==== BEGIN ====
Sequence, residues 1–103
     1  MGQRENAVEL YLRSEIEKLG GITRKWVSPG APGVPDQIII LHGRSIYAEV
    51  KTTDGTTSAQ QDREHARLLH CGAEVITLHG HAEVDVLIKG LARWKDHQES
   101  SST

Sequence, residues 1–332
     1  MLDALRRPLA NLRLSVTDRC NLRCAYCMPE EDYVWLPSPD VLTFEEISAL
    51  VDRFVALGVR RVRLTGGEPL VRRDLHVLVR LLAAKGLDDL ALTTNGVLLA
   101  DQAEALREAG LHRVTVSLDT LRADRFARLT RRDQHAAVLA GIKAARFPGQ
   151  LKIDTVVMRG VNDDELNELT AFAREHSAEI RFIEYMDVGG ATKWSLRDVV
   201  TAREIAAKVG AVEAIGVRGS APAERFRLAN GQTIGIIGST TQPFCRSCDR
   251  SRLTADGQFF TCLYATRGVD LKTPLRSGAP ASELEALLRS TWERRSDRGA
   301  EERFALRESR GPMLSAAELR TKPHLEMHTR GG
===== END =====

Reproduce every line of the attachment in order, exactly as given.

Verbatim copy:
Sequence, residues 1–103
     1  MGQRENAVEL YLRSEIEKLG GITRKWVSPG APGVPDQIII LHGRSIYAEV
    51  KTTDGTTSAQ QDREHARLLH CGAEVITLHG HAEVDVLIKG LARWKDHQES
   101  SST

Sequence, residues 1–332
     1  MLDALRRPLA NLRLSVTDRC NLRCAYCMPE EDYVWLPSPD VLTFEEISAL
    51  VDRFVALGVR RVRLTGGEPL VRRDLHVLVR LLAAKGLDDL ALTTNGVLLA
   101  DQAEALREAG LHRVTVSLDT LRADRFARLT RRDQHAAVLA GIKAARFPGQ
   151  LKIDTVVMRG VNDDELNELT AFAREHSAEI RFIEYMDVGG ATKWSLRDVV
   201  TAREIAAKVG AVEAIGVRGS APAERFRLAN GQTIGIIGST TQPFCRSCDR
   251  SRLTADGQFF TCLYATRGVD LKTPLRSGAP ASELEALLRS TWERRSDRGA
   301  EERFALRESR GPMLSAAELR TKPHLEMHTR GG